It gores it and then ****s on it to mark his territory.

    Buffs 44
    Indians 13

    GO BUFFS!!!
    Views: 1,014 / Likes: 19 / Replies: 36
    I post this every year and absolutely love to read the responses. Particularly for those who didn't go to CU, why are you a hardcore enough Buff to be on this board with a hundred other teams out there? Lots of newbies on the board, should be fun.
    Views: 2,656 / Likes: 1 / Replies: 127
    The Colorado Buffaloes host the ASU Sun Devils this Saturday at Folsom Field. The CUI's Justin Guerriero talked to Stefan Modrich, football reporter of the State Press, Arizona State's student-run news organization, to get some insider information on the Sun Devils.

    Justin Guerriero: Arizona State has an offense that, so far this year, has looked solid. However, in two straight games, Todd Graham's "high octane" offense has been limited to just 20 points. What do you expect the Sun Devils' offensive 11 to do against Colorado's defense? How can they hurt CU's D?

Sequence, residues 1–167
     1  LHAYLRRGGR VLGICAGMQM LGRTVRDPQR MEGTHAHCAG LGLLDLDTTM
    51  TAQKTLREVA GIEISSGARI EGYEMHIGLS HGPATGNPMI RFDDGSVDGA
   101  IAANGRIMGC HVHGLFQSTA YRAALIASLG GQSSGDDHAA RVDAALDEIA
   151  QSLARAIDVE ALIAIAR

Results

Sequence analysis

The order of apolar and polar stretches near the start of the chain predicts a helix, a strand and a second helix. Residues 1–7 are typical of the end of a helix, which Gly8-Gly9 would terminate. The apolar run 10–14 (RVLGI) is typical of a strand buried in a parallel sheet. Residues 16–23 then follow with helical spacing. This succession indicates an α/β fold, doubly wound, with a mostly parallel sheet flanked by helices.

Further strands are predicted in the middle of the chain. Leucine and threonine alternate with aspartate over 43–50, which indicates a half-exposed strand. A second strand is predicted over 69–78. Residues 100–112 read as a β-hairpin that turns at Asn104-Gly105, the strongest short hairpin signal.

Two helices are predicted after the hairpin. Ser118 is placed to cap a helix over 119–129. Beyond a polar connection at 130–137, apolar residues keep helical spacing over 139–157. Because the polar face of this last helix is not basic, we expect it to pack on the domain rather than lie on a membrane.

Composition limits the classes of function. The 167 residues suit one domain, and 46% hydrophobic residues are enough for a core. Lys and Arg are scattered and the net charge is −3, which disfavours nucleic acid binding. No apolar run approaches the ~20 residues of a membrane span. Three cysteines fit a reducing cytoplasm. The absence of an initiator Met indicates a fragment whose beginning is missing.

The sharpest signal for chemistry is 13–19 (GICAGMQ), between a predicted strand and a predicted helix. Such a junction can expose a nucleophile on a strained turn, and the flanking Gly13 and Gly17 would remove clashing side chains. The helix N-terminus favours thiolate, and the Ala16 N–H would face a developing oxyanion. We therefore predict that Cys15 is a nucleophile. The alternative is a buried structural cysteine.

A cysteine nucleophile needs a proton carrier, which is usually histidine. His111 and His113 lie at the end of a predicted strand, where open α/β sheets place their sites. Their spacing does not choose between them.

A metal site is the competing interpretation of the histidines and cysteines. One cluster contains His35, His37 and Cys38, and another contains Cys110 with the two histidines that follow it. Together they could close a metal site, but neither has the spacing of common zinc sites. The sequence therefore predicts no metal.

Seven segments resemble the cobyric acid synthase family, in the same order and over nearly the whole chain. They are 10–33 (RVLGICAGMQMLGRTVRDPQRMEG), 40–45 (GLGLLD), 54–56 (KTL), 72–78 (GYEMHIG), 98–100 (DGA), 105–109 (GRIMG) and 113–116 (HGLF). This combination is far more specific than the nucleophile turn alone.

Stefan Modrich: Having seen this team deal with quarterback injuries in the past, it's anyone's guess, really. The transition from Taylor Kelly to Mike Bercovici in 2014 (Kelly hurt his ankle at Folsom Field in a win over Colorado two years ago) wasn't perfect, but it was more stable than this year's rotation of Manny Wilkins (we still aren't sure of his status, ASU's goal was to have him practicing Thursday) and Brady White, who is out for the season with a knee injury. White joins Bryce Perkins, a freshman who suffered a neck injury. This leaves true freshman Dillon Sterling-Cole the likely starter. Sterling-Cole was intercepted on his first play as a Sun Devil last week. The Sun Devils went with running back Kalen Ballage under center in their "Sparky" formation the rest of the way. The pieces are in place surrounding whoever is under center. Tim White is one of the fastest receivers in the country and freshman N'Keal Harry is among the top-ranked freshman wideouts in all of college football. If the ASU offensive line can rev up the running game and Ballage and Demario Richard get going, the burden will be much less heavy for the quarterback to bear and they could turn in another explosive night.